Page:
in the form of needles turning brown, and
Charlie sheds at an alarming rate. So
I pretend that she’s my sacred self. It
helps not only for recalling that it’s
time for her to have a drink and that I
have to turn her now and then, but also
for my tendency to see her as an
ornament, ignoring, temporarily,
what makes her Charlie—not inanimate but
living and respiring and essential
as the U.N., my attentive next-door
neighbor, and the light and air we all
depend on if we want to breathe, which
I do, constantly. With this in mind, I
have to hope she doesn’t prematurely
die of some arboreal disease; and
when her time with me, beside my kitchen
window, has to end, as is the way of
things for indoor trees, I’ll know I treated
her with more than kindness but with awe and
reverence, I don’t mind saying, for her
soul, forever fresh and green in
some sweet, fragrant heaven that’s reserved for
noble creatures such as Charlie and her
brother-sister trees.

To Heaven and Back in an Afternoon

Behind a veil I cannot see are wonders 
making ready to amaze me. They will
answer all my questions, which I’ve asked
forever, or at least since I could speak
without a lisp. I risked the wrath of half
the population of my childhood, dogging
all my elders unremittingly and never
missing, not a single day. The big kids
are intimidating. Go away! they used to
say, not so unkindly, laughing anyway
and running way too fast for me to catch them.

Sweet, funny Mom, bright-eyed, alert,
and smart as a new hat, would be the only
answerer. It seemed that no one else was
half as bold—not that she knew which shade
of green the scenery might be, which scents
and sounds prevail, or whether there are structures
roofed and gabled or just splendid open air.

It must be beautiful beyond imagining,
she’d say. It may be there are colors never
seen on earth, or even in this universe.

Now she no longer has to guess.

Here’s what I suspect: Right now, as I sit
on my bed, at least a dozen angels
are my guests. My mother’s here. My father, too,
Aunt Polly, Alma, and a gaggle of the
ancients, all their faces lit with love like
treetops in the first pink flush of sunrise.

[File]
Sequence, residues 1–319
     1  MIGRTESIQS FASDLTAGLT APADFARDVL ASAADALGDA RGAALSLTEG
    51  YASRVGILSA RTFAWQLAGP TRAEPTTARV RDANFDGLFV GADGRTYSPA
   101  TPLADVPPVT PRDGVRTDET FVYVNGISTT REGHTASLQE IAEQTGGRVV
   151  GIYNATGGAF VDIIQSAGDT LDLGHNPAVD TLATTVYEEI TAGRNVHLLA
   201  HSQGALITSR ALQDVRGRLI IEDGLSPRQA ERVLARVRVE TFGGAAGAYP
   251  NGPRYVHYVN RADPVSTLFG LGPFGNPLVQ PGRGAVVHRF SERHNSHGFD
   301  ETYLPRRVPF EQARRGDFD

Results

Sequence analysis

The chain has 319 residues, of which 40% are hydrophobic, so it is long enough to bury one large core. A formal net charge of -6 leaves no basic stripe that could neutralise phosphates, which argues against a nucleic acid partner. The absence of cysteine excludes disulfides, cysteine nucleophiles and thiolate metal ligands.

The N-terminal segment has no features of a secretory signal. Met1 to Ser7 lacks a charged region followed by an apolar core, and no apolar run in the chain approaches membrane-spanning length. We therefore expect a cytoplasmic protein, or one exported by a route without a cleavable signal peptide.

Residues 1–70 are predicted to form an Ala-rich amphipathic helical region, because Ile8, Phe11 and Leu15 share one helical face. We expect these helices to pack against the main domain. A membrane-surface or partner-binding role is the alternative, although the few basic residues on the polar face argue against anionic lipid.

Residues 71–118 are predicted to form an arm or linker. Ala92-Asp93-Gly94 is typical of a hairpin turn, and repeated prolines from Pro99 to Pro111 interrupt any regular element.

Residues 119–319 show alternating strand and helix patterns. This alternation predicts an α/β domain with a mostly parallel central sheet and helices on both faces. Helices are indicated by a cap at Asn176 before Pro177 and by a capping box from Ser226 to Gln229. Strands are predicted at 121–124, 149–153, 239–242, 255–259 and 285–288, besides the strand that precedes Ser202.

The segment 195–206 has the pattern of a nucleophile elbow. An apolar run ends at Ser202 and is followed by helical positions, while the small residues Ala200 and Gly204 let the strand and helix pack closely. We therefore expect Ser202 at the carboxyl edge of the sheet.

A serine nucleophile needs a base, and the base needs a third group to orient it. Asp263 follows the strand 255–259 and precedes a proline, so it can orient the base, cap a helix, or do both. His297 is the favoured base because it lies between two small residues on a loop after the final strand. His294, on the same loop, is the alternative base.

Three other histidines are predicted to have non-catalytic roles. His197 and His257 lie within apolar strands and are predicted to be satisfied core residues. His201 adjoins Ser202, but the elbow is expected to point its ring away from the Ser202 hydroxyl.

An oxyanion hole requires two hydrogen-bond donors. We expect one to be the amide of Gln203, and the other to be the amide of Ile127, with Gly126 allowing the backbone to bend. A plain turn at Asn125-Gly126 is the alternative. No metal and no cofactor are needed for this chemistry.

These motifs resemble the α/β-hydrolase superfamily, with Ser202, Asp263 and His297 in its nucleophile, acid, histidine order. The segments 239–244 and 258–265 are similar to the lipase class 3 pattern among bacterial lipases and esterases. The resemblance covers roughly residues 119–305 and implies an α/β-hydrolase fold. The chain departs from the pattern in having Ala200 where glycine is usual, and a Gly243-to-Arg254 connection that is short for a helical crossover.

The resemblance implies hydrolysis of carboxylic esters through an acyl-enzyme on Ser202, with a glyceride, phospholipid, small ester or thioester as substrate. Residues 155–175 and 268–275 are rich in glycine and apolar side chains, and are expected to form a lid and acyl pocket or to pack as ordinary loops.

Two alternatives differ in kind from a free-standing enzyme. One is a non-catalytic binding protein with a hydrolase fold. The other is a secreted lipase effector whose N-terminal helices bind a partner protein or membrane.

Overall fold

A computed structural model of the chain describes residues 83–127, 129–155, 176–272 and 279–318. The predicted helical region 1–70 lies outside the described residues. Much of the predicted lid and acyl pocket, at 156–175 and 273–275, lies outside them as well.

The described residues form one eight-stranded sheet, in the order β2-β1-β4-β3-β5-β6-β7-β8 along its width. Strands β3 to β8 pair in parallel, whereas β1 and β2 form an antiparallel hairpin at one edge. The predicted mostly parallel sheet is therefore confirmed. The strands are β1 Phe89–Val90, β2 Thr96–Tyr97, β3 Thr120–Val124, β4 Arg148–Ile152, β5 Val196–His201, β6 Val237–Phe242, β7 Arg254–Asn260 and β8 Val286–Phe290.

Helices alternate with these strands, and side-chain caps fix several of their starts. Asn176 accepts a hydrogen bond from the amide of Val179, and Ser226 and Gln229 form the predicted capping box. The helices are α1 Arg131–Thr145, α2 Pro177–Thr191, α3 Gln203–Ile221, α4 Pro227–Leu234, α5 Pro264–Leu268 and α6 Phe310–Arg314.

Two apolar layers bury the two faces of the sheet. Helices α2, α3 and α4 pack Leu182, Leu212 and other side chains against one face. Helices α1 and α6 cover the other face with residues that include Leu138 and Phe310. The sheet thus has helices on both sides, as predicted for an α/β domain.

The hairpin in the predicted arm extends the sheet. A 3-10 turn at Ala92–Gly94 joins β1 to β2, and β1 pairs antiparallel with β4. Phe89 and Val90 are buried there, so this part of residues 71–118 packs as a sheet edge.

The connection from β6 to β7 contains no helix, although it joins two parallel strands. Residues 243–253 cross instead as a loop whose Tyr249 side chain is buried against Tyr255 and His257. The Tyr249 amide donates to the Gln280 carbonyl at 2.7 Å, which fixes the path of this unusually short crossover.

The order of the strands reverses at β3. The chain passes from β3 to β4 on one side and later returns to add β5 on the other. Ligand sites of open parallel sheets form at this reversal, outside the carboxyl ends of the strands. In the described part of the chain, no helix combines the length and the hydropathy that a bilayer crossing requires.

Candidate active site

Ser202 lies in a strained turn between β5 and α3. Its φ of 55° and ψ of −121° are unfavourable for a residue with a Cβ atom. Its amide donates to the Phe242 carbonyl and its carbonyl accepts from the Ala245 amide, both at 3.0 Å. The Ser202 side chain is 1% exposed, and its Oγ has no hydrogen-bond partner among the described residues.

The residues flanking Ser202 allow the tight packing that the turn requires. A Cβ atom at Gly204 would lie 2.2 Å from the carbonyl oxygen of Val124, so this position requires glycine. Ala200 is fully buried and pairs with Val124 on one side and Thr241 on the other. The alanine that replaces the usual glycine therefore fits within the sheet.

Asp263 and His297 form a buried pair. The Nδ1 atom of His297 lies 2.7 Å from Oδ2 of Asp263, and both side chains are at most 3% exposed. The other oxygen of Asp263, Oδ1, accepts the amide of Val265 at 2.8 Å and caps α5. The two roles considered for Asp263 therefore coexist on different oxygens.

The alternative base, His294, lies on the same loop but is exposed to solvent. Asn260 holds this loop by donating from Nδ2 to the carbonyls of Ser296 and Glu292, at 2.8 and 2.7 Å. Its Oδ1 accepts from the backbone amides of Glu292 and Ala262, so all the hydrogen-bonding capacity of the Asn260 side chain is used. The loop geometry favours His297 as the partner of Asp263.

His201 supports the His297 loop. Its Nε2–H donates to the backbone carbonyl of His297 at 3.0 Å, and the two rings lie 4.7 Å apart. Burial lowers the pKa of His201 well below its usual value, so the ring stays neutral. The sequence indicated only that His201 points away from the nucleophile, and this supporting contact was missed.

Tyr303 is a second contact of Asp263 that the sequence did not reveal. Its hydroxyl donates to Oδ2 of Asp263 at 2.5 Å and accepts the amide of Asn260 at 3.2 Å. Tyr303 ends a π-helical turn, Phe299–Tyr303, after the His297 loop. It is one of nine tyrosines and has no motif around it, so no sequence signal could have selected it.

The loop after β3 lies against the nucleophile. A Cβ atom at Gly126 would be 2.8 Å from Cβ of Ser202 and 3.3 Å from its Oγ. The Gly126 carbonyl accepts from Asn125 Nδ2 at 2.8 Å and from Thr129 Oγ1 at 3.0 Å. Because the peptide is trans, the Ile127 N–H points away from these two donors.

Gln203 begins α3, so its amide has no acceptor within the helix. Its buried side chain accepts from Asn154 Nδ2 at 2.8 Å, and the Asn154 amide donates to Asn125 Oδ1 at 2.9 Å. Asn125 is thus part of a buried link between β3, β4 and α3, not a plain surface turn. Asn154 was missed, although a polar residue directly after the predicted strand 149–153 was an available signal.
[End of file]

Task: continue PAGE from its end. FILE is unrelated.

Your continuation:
Clumps of pure white flowers send their light
perfume into the atmosphere. One by one,
the sun illuminates them. See? They line
a smooth and slender road extending all the
way to glory, and their story draws me
through the veil. Each step I take expands my
vista exponentially. Without a sense of
having climbed, I find myself above the
highest mountain with the whole world at my
feet. I holler, Look at me! An echo mocks
good-naturedly, repeating Look at me... at me...
at me....

It’s spring, not even May yet, in my bedroom...
and a warm midsummer day behind the veil,
the breeze sufficient to hold off the heat.
Flat, glossy leaves like workers’ hands are clapping
just above me in the tree I just this minute
sit beside and then lean back on. I can
feel my eyelids flutter. No! I want to
stamp this afternoon upon my memory—
to paint indelibly a picture of the
bright green rolling landscape—fields of corn
and soybeans; stands of maple, cottonwood,
and Dutch elm trees; old barns crying out for
paint; and steeples, tractors, skinny winding
roads where pickup trucks make clouds of
dust that chug with them from house to
road to town and back.

What odd place have I landed in? Is this 
a slice of Heaven, or Ohio? I need you here
to anchor me in your accommodating
vision of reality—not physical
(the spirit flies, defying gravity)—
but not allowing me to paint the sky
with candy clouds and overlook the cyclone’s
eye. I need to know that you can see them
too—the ancients in new incarnations,
beaming, calling, Look at me... at me... at me....

Monday, December 18, 2017

Baby Born on Christmas

Follower of Jan Joest of Kalkar, the Adoration of the Christ Child

Lo, the baby born on Christmas~
            Sisters, can you hear the sound?
Angels singing Alleluia,
            angels here and all around.
He is sweet as Heaven’s clover
            meadows in the morning sun
fed by love and living water.
            Feed, O sacred spring, in us
hope that clings at summer’s end
            as petals to the dying rose.
Then we shall sing Alleluia!
            Then shall all God’s creatures know
how the baby came in winter
            to a dark and barren land.
Brothers, can you see the tender
            vine upon the desert sand?
Even as the clouds of death
            cast their shadows o’er the ground,
victorious are life and breath.
            Oh, hear the angel carols now,
Noel! Glory, Alleluia!
            fills the mountains and the sky.
We too sing him Alleluia!
            Sing for him a lullaby.

Underneath the brittle
surface of the lake
creatures keep their vigil.
Soon the land will wake
seeds at rest before their
season has begun,
sleeping until morning,
waiting for the sun.

Life does not surrender
when the dry leaves stung
by the frost recover,
yielding one by one.
When the wind blows bitter
o’er the frozen earth,
life comes new in winter
with the baby’s birth.

We are born anew then,
clean and fresh as morning.
All has been forgiven,
seventy times seven,
long before we seek it.
On the wind, the breath of
grace descends; receive it.
Breathe, and breathe it in.

Lo, the baby born in winter~
            Children, this we celebrate
on Christmas, for his innocence
            is born in us today.

Monday, May 15, 2017



They say that children choose their mothers
from on high, before they’re born.
If it’s true, and there were others
just as caring, just as warm,
pure as honey, sweet as clover,
soft as spring they might have been...
but if I had it to do over,
gladly, I’d choose you again.

by Mary Campbell May 2010 for Melba Campbell 1912-1974